History of Hemp in The US

 

Hemp, one of the world’s oldest crops, has had a tumultuous history over more than 10,000 years of cultivation. In the United States, its production – once an agricultural staple – has faced harsh controversy but also continuing innovation. Colorado remains one of the forerunners of the hemp and cannabis revolution.

 

1600-1890’s –The production of domestic hemp is encouraged, and the medicinal properties of cannabis are explored.

The production of hemp was encouraged by the American government in order to create rope, sails, and clothing. A common staple in colonial America, it was highly regarded for its durability.

In the early 1830s, the discovery of the medical benefits of cannabis became more widely applied by large pharmaceutical companies until the turn of the 20thcentury.

Early 1900’s – Companies, threatened by hemp’s popularity, aided the demonization of marijuana.

New machinery was developed to make hemp processing easier and more efficient. Companies like the petrochemical giant, DuPont, created chemicals that were used in the processing of paper. Paper mill owners also saw hemp paper threatening the wood-pulp paper industry. Seeing hemp as competition, these industries encouraged legislation to restrict hemp production.

At the same time, immigrants introduced American culture to marijuana as a recreational drug, and the government used this to perpetuate racism, proposing to outlaw marijuana. Due to a lack of education of the difference between hemp and marijuana, hemp was unjustly labelled as dangerous.

 

1937 – Congress passed the Marijuana Tax Act amid growing concern of the use of mind-altering substances.

After a shocking national propaganda campaign against marijuana use, the US Congress passed the Marijuana Tax Act, effectively criminalizing marijuana. The legislation restricted marijuana possession to individuals who paid a tax for certain authorized uses.

The 1940s – However, less than a decade later, the U.S. Department of Agriculture created a program, Hemp for Victory, to encourage hemp production during a brief lift of the Marijuana Tax Act in WWII.

In 1944, the New York Academy of Medicine issued a report that declared that marijuana use did not cause unacceptable behaviors. During World War II, the U.S. Department of Agriculture launched its "Hemp for Victory" program that encouraged farmers to plant hemp for marine supplies for the military.

 

1950’s – Stricter sentencing laws are enacted for drug offences.

The enactment of laws like the Boggs Act of 1952 and the Narcotics Control Act of 1956 set mandatory minimum sentences for drug-related offences.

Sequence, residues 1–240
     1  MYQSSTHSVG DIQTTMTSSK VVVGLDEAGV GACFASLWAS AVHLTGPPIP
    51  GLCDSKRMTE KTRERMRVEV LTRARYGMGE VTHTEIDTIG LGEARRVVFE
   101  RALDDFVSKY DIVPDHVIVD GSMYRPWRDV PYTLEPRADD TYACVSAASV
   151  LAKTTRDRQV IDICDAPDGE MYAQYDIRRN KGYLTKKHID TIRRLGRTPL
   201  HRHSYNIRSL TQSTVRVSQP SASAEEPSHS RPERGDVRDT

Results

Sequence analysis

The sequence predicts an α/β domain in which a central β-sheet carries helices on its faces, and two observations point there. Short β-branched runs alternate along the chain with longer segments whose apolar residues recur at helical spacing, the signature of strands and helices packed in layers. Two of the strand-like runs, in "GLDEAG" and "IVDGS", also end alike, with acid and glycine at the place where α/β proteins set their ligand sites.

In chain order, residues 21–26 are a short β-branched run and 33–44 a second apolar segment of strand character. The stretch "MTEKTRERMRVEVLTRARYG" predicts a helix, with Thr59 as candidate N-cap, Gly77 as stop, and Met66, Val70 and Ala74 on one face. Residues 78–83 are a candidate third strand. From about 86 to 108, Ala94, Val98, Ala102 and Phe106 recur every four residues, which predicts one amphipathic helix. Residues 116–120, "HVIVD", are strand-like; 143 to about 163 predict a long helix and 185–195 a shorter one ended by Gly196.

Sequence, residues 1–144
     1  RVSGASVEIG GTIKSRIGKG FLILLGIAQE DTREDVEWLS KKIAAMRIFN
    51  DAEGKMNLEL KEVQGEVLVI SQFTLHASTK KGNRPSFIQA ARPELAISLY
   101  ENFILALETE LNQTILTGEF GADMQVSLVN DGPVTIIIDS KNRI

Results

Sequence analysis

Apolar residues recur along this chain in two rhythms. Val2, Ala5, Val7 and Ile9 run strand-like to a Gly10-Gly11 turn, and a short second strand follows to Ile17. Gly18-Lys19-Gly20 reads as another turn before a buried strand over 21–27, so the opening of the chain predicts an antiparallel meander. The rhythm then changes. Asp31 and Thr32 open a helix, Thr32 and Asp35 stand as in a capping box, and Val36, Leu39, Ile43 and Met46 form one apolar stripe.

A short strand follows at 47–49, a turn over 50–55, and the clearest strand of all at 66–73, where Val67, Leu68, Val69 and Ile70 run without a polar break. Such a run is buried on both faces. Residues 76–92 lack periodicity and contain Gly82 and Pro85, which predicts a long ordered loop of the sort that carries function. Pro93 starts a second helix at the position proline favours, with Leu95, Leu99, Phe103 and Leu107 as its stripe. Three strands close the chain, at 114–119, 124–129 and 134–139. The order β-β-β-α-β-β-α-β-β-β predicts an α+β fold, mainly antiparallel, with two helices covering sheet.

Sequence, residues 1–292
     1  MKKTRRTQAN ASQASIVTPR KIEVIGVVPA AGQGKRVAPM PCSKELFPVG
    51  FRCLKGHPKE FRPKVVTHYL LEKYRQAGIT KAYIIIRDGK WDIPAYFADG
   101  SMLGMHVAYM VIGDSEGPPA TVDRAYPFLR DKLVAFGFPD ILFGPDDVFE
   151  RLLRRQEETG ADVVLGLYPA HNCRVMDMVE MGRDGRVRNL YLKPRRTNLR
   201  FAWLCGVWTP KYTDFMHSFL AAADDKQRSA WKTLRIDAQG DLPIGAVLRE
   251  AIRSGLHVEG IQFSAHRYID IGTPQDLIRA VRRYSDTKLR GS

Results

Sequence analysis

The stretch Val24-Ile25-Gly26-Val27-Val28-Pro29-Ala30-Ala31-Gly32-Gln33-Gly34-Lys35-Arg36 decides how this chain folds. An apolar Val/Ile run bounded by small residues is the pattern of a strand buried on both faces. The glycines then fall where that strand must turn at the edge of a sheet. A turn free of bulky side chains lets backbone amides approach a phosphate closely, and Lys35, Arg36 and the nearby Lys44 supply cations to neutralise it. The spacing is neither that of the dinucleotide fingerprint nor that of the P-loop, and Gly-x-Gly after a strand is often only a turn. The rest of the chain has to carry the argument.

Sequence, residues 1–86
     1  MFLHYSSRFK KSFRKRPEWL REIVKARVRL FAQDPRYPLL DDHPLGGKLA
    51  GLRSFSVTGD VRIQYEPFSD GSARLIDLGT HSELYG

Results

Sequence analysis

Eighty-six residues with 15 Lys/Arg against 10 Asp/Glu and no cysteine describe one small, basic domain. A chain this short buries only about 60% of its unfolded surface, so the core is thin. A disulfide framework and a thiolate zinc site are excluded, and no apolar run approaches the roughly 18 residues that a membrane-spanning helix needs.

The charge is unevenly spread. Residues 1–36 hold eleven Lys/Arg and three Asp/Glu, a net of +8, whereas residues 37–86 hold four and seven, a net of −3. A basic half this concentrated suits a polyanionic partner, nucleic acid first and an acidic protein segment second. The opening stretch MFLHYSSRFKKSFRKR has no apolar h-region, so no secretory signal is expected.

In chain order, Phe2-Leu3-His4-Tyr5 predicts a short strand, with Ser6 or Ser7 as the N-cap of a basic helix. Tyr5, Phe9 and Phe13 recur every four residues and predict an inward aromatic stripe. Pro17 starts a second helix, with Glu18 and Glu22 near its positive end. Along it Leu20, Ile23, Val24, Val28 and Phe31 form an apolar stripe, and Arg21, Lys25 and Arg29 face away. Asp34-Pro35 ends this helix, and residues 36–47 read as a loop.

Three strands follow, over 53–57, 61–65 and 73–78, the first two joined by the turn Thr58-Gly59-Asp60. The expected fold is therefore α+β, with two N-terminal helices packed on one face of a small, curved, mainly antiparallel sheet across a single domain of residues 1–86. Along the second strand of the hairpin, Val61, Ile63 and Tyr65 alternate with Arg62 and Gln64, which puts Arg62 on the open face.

1970 – Congress repealed many of the mandatory penalties for drug-related offenses.

The Comprehensive Drug Abuse Prevention and Control Act eliminated the mandatory sentences for possession of small amounts by setting marijuana apart from other narcotics. Many acknowledged that the minimum sentencing laws of the 1950s had not helped to regulate drug culture.

1986 – President Reagan signed the Anti-Drug Abuse Act, which again instituted mandatory sentences for drug crimes. 

1989 – In a national speech, President George Bush declares a new “War on Drugs” in America.

1996 – California’s Compassionate Use Act of 1996 legalized medical marijuana in the state.

California voters passed the proposition, allowing for medicinal marijuana use for patients with serious diseases such as AIDS or cancer.

Early 2000’s – Eight states voted to legalize the use of medical marijuana.

Colorado, one of the eight states that voted in the Medical Use of Marijuana Act, allows for medicinal marijuana use for certain conditions that are considered debilitating.

2012 – Recreational marijuana is legalized by amendments in a few states including Colorado.

Amendment 64 in Colorado passes, and it becomes one of the first states to legalize recreational marijuana in 2012. The amendment restricts access by age and requires government identification.

2013 – Proposition AA proposed recreational marijuana sales tax in Colorado.

The 25 percent tax passes, and it is expected to generate $70 million annually with the first $40 million contributing to the school system fund and the rest for marijuana industry regulation.

On January 1 of the following year, Colorado businesses begin selling recreational marijuana.

2014 - 2018 – Many states pass laws to legalize medical and recreational marijuana

Alaska, Oregon, Washington D.C., California, Nevada, Michigan and Massachusetts legalize recreational marijuana. Minnesota, New York, Arkansas, Florida, North Dakota, Pennsylvania, Ohio, and West Virginia legalize medical marijuana.